And with the highest matriculation rate at 48%, a mathematics or statistics major looks like a solid option. So, does picking a major in this category really give you a better chance?
Again, as we said in the “biological sciences” section, we can’t place all of our trust in these numbers. Is it the type of person who chooses a math/statistic major that leads to these higher numbers, or is it the actual major?
Furthermore, the average GPA and MCAT to matriculate as a math/statistics major is the highest of all the categories, at 3.74 and 514.1 respectively. This could mean their MCAT and GPA has to make up in areas they possibly lack (interviewing, extracurriculars, etc.)
But there are some solid advantages here. So if you like math or statistics and you round yourself out in with other classes and extracurriculars, this could be a solid pick for you!
This is where it gets really tricky with how the AAMC provides their data. If you search up “humanities” and compare it to “social sciences” (another category for the AAMC), you get some overlap. In other words, we don’t know what exact majors the AAMC considers “humanities” vs “social sciences.”
Generally, humanities deal with critical thought. The ideas and concepts that cannot be pinned down through a scientific method. Majors like history, literature, language, law, and philosophy.
Social sciences often use a more scientific method when analyzing their concepts. Majors like economics, psychology, sociology, and political science.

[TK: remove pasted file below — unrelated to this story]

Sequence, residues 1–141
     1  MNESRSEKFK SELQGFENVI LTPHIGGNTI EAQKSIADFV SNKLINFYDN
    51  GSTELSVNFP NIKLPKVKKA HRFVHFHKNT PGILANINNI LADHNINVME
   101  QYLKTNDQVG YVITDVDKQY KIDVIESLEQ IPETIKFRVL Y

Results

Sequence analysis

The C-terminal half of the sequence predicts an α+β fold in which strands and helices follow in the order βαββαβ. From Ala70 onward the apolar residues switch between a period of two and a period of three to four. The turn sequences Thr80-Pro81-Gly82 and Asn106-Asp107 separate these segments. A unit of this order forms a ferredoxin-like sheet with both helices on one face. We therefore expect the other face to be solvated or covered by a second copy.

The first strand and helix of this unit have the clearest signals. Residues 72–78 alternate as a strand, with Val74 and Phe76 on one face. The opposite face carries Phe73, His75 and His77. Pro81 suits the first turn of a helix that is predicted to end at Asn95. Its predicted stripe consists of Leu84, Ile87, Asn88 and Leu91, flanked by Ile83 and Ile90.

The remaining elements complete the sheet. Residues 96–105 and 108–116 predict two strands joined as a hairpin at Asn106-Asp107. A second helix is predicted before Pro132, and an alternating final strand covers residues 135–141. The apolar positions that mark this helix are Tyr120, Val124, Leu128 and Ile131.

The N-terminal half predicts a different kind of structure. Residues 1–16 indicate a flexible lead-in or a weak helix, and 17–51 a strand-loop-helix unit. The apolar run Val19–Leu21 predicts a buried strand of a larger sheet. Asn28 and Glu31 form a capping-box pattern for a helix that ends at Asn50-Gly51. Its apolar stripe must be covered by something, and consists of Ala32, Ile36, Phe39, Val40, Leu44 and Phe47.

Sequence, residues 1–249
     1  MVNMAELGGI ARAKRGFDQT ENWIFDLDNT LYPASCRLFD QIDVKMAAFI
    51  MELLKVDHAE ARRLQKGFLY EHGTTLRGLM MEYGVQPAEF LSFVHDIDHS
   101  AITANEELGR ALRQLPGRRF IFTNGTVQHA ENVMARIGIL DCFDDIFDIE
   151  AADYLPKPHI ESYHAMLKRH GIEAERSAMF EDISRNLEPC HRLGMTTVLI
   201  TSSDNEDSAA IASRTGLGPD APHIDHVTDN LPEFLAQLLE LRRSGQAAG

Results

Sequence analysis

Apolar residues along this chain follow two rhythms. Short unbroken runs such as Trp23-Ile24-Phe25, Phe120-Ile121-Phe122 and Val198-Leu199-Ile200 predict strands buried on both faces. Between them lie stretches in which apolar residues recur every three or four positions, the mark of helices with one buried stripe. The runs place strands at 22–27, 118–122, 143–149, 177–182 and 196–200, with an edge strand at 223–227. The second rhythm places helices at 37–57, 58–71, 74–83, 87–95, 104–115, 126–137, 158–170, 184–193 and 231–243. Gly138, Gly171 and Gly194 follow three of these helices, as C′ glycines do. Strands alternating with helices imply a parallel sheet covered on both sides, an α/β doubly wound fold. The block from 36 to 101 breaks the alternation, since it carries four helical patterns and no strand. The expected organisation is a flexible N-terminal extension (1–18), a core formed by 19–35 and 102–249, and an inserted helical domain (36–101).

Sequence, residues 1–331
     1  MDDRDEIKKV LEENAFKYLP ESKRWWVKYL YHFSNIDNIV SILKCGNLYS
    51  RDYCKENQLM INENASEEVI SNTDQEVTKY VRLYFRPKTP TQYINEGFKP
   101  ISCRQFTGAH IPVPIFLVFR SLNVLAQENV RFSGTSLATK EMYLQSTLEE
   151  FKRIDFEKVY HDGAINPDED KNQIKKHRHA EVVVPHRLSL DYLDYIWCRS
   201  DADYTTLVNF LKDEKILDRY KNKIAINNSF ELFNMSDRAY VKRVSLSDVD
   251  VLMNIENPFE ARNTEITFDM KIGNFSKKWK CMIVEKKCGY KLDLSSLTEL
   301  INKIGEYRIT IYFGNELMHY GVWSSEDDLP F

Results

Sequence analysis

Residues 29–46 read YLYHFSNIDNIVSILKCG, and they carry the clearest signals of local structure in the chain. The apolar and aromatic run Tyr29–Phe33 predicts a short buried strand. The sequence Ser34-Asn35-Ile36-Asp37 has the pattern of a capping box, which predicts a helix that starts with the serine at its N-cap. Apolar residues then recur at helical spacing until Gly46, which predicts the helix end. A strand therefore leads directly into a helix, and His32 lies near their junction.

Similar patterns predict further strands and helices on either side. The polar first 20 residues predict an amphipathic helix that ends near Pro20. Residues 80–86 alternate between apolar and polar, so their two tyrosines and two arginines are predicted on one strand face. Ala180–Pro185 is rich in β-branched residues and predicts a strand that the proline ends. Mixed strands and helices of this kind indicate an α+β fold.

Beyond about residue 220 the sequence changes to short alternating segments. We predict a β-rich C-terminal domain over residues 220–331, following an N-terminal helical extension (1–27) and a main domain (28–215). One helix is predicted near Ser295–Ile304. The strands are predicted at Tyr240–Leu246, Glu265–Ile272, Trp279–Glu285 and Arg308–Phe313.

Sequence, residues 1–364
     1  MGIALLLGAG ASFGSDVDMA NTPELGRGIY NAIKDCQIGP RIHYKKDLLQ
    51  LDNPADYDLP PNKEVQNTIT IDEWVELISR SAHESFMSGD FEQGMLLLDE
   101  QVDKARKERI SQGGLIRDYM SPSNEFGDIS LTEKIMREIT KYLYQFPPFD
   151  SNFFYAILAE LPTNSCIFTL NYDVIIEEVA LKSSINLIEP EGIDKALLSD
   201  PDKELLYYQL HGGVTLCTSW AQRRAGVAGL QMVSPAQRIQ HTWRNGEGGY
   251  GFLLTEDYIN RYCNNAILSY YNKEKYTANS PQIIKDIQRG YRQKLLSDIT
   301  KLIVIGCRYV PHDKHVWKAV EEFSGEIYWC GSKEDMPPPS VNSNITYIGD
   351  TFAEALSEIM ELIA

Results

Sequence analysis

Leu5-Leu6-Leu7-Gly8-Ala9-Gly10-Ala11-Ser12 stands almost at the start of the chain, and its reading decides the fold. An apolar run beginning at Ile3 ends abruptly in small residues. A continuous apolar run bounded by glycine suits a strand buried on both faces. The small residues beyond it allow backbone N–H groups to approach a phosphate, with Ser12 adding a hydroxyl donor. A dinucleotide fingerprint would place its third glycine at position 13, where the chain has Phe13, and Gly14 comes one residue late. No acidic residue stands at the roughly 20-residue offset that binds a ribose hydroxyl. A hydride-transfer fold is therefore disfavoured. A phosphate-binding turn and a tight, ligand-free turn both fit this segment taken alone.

But again, there is an overlap between the two categories. With majors like anthropology commonly associated with both.
But humanities inches out social sciences on this list because of their 47% matriculation rates. Humanities majors do well on the MCAT as well, with an average MCAT score of 507.6, over two points higher than biology majors.
One possible reason they do so well is that humanities help you look especially well rounded. Because if you are a humanities major, you not only have to learn all of the science material, but you are also learning to think about problems and concepts in a completely different way than science classes teach.
This is also probably the reason why they have the best average on the CARS section of the MCAT.
Your GPA, MCAT, and how well-rounded of an applicant you are, are much better indicators of your chances of getting into medical school than your major. In the end, you would be better off focusing on those three things.
However, you can use your major choice to help you with those three factors. To do that, we suggest having a major and a minor in two very different fields of study.
For example, you could major in biochemistry and have a philosophy minor. This would give you a lot of the information biology students get (helping you get into medical school), train you to apply concepts learned in chemistry (helping you on the MCAT), and teach you how to think about ideas in a different way with your philosophy minor (rounding you out and helping you with the CARS section on the MCAT).
A biochem major and a philosophy minor is not the only combination you could do. You could do vice versa, or neither. If you just want to be a biology major or a math major, that is okay too! These are all just suggestions, and the choice really lies with you in the end. Your major choice is not the end all be all.
Just remember, for whatever you pick, focus on the three factors:
That will give you your best shot to get into medical school.
If you want some more information on how you can come off to be more well-rounded, check out our Ultimate Medical School Extracurricular Guide to learn how to stand out to the admissions committee!